Porter could expect no aid from the southside, for they were fully engaged by the demonstrations of Magruder, who, by energetic handling of his troops, making a great show and movement and clatter, held the corps commanders, to whom McClellan applied for aid in behalf of Porter, so fully occupied that they declared they could spare none. Of the devoted, loyal sons of Virginia who volunteered for her defense, none was more patriotic or heroic than John Bankhead Magruder. On the plains of Mexico he had won his first laurels. With consummate skill he fortified the historic peninsular from Yorktown to Mulberry Point, so that the foremost captain of the Federal army, with 100,000 men against 15,000, was halted and held at bay until Johnston's forces could march to the rescue. At Savage's station he attacked the rear guard of McClellan's army, and inflicted severe loss on the Federals. From that point he had moved with great alacrity to Timberlake's store, and was in position to deal
Southern Historical Society Papers, Volume 25. (ed. Reverend J. William Jones), The Cumberland Grays, Company D, Twenty-first Virginia Infantry. (search)
Burkeville and Danville and Greensboroa, for the purpose of handling supplies for the Federal army at Greensboroa and Danville, and other purposes. We were told to take our own men to man the trains and engines, and none of the men who worked for Major Wright in the operations of those roads for the succeeding ninety days will ever forget the uniform kindness of himself and his assistants. When the corps was ordered to the frontiers of Texas, in anticipation of trouble with the French in Mexico, the writer and many of his assistants were urged to go with them. We wanted rest, many of us had families in the South that we had not seen for months, and in the latter part of July we disbanded, as it were, and to-day we are like the survivors in gray—scattered. Two of the engineers who did faithful service to the Confederacy, and one or more of the conductors who served with me in those trying days, are now trusted employees of the Nashville, Chattanooga and St. Louis Railway. We ar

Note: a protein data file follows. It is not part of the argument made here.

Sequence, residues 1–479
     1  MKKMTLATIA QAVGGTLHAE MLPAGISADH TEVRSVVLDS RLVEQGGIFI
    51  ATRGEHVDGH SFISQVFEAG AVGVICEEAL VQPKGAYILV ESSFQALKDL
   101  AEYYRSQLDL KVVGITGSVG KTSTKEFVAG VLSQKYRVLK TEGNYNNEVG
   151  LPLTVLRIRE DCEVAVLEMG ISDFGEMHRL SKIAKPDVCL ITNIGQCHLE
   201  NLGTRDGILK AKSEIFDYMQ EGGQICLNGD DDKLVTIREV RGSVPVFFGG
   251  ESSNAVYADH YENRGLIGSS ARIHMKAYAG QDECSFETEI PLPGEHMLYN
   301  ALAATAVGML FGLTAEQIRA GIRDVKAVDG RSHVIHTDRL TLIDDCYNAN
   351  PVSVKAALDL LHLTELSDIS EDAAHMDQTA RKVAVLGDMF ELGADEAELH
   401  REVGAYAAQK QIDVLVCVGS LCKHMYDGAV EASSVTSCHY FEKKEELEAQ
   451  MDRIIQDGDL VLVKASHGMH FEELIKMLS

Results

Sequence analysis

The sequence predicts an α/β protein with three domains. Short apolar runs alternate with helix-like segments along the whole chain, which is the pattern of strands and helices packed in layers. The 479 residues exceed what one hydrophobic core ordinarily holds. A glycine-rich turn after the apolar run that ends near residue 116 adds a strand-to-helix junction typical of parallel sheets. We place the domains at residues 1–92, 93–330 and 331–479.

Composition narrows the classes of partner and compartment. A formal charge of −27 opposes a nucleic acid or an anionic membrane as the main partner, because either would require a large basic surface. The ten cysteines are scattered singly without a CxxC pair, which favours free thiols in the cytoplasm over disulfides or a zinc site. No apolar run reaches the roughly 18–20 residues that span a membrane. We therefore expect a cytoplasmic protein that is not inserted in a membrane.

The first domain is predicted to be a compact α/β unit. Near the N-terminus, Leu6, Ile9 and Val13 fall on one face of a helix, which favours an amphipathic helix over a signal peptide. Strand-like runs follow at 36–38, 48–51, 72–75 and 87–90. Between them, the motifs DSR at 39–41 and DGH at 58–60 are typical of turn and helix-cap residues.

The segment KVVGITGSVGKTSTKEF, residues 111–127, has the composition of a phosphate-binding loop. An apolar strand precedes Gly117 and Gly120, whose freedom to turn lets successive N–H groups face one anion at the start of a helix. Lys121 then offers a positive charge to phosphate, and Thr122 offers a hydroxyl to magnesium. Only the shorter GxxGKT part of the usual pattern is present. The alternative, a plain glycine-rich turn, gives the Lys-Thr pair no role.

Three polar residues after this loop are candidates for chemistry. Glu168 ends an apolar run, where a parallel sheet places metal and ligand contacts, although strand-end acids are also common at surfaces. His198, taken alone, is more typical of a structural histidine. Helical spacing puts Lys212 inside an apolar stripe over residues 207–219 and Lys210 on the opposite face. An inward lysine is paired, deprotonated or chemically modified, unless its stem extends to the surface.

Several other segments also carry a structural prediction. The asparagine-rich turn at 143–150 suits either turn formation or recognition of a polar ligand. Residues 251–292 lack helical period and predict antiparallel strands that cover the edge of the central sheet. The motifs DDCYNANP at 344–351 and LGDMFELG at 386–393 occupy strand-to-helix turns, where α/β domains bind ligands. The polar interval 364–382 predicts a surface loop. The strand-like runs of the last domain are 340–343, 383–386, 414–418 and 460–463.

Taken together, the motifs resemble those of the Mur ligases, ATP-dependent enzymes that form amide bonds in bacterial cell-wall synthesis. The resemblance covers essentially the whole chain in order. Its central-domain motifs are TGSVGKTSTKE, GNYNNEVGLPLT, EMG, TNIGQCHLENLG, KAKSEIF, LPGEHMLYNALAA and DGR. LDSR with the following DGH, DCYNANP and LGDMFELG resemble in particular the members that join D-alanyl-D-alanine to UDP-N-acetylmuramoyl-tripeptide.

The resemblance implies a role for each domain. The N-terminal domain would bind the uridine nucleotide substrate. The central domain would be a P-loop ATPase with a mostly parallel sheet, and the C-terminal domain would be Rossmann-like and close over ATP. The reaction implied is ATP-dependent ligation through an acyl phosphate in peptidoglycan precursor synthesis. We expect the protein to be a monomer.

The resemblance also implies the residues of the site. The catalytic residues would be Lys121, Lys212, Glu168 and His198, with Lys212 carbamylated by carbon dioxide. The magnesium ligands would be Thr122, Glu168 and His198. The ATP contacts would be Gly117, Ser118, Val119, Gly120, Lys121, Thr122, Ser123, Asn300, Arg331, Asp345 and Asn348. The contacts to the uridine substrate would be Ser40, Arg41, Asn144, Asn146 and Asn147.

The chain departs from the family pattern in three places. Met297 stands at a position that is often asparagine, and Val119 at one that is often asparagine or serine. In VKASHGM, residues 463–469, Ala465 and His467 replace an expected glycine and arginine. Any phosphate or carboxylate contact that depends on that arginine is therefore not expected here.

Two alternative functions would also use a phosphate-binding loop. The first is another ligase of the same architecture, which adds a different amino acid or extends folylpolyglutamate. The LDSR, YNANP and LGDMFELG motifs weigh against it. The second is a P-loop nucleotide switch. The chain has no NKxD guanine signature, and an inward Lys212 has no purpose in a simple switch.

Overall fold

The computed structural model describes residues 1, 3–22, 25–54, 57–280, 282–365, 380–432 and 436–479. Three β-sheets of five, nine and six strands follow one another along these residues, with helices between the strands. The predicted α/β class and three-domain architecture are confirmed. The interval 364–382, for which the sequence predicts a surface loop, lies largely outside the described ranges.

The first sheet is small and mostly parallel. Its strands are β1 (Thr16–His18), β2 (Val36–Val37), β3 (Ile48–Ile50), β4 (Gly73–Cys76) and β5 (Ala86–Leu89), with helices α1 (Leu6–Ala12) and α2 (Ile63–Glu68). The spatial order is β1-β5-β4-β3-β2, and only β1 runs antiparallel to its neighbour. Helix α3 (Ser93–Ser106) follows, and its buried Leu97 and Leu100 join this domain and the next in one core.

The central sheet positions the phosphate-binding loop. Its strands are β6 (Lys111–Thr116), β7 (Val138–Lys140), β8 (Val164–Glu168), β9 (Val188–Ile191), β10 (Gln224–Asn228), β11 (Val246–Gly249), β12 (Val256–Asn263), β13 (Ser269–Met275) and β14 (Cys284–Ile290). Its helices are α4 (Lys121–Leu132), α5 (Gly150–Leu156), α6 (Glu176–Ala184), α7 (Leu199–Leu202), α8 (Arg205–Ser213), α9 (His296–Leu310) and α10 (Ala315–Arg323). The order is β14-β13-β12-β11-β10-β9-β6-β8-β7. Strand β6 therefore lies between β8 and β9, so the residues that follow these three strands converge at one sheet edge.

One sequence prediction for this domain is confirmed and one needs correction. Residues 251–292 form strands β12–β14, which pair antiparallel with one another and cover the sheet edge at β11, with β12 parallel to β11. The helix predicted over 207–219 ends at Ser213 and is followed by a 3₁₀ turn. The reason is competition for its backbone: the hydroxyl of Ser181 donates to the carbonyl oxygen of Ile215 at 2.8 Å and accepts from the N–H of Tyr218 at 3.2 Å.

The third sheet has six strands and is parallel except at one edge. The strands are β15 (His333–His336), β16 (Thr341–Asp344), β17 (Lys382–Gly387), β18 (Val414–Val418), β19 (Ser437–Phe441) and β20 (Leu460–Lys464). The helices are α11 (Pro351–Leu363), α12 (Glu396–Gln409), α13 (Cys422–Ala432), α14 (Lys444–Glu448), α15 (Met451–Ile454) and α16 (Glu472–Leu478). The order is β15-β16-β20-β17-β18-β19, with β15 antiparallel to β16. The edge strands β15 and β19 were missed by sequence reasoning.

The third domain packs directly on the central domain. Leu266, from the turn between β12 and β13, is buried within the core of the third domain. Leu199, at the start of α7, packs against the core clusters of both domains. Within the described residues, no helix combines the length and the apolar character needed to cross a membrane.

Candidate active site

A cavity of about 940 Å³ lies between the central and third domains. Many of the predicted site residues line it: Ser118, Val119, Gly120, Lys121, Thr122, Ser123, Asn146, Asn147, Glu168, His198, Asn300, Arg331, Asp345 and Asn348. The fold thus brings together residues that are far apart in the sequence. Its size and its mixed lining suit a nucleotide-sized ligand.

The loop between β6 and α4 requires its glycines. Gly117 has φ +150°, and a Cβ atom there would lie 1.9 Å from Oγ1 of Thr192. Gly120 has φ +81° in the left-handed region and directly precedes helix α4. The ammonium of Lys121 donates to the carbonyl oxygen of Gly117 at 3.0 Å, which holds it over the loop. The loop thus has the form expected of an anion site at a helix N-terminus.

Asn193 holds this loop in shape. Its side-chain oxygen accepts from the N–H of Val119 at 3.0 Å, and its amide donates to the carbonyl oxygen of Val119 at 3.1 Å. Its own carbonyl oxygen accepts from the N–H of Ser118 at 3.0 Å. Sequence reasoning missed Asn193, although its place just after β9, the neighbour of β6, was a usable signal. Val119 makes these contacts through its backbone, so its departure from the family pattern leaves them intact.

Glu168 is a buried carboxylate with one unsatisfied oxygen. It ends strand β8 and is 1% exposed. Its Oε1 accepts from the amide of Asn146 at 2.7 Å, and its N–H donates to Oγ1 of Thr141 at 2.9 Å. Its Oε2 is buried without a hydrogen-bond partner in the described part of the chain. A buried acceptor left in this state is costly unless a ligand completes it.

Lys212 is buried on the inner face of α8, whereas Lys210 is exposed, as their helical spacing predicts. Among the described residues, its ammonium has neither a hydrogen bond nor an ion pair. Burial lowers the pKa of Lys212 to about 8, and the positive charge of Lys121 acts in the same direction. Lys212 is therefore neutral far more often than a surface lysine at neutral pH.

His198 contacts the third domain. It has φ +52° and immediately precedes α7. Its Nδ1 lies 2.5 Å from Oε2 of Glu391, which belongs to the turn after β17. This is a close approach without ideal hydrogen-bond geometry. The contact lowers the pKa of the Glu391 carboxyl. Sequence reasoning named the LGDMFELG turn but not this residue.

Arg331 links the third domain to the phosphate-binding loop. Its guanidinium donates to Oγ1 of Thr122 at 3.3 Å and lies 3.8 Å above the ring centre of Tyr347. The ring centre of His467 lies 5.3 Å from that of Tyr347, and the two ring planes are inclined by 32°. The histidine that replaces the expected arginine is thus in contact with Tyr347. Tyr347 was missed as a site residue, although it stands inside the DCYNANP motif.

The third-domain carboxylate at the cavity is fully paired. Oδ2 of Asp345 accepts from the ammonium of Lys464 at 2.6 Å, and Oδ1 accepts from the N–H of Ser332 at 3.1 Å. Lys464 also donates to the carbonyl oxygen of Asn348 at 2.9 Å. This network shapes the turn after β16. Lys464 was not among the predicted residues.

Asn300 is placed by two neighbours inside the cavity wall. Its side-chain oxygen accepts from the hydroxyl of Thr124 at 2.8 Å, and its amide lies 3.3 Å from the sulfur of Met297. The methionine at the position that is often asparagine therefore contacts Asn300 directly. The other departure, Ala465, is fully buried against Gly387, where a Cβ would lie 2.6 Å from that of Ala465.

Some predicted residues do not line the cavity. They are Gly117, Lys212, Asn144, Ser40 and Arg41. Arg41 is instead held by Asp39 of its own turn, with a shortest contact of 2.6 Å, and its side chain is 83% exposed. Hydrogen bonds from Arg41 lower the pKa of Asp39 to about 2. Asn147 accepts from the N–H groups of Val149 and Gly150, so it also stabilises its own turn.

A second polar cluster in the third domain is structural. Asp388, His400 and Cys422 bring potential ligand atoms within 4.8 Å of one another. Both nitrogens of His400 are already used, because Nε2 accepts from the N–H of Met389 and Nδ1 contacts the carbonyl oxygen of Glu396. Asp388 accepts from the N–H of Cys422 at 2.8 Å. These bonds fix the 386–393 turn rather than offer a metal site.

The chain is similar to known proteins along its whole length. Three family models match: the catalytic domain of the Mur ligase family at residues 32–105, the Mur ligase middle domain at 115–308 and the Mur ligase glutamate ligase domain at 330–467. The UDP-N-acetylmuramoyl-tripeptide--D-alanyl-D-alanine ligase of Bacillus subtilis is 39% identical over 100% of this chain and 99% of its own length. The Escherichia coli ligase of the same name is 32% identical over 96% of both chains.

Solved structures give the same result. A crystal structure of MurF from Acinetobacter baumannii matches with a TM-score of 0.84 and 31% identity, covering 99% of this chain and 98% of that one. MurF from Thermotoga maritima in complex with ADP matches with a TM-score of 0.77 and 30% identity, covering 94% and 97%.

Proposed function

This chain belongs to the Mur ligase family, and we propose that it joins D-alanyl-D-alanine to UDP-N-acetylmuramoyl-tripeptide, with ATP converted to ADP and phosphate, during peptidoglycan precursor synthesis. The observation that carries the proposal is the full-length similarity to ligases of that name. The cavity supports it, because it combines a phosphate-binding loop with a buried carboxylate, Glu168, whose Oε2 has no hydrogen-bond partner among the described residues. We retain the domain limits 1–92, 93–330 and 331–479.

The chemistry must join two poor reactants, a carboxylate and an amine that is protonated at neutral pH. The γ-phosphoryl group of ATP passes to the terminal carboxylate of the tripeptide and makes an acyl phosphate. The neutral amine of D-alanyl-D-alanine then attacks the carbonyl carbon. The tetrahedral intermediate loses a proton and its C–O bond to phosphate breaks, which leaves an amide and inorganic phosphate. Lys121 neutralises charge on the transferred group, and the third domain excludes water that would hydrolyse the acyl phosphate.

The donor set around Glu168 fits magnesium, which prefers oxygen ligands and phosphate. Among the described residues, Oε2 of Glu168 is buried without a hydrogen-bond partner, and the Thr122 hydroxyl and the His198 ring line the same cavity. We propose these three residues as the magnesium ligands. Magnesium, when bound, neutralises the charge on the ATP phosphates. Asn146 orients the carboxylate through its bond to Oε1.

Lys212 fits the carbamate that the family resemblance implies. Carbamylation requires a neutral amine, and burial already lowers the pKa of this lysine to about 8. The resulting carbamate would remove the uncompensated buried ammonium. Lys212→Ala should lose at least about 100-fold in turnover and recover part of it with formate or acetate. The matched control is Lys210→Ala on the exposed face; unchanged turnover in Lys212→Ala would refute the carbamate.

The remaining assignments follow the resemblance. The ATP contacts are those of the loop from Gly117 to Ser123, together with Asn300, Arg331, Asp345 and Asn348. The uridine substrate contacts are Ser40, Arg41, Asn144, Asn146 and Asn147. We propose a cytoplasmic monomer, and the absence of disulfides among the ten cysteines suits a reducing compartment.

Southern Historical Society Papers, Volume 25. (ed. Reverend J. William Jones), chapter 1.29 (search)
Burkeville and Danville and Greensboroa, for the purpose of handling supplies for the Federal army at Greensboroa and Danville, and other purposes. We were told to take our own men to man the trains and engines, and none of the men who worked for Major Wright in the operations of those roads for the succeeding ninety days will ever forget the uniform kindness of himself and his assistants. When the corps was ordered to the frontiers of Texas, in anticipation of trouble with the French in Mexico, the writer and many of his assistants were urged to go with them. We wanted rest, many of us had families in the South that we had not seen for months, and in the latter part of July we disbanded, as it were, and to-day we are like the survivors in gray—scattered. Two of the engineers who did faithful service to the Confederacy, and one or more of the conductors who served with me in those trying days, are now trusted employees of the Nashville, Chattanooga and St. Louis Railway. We ar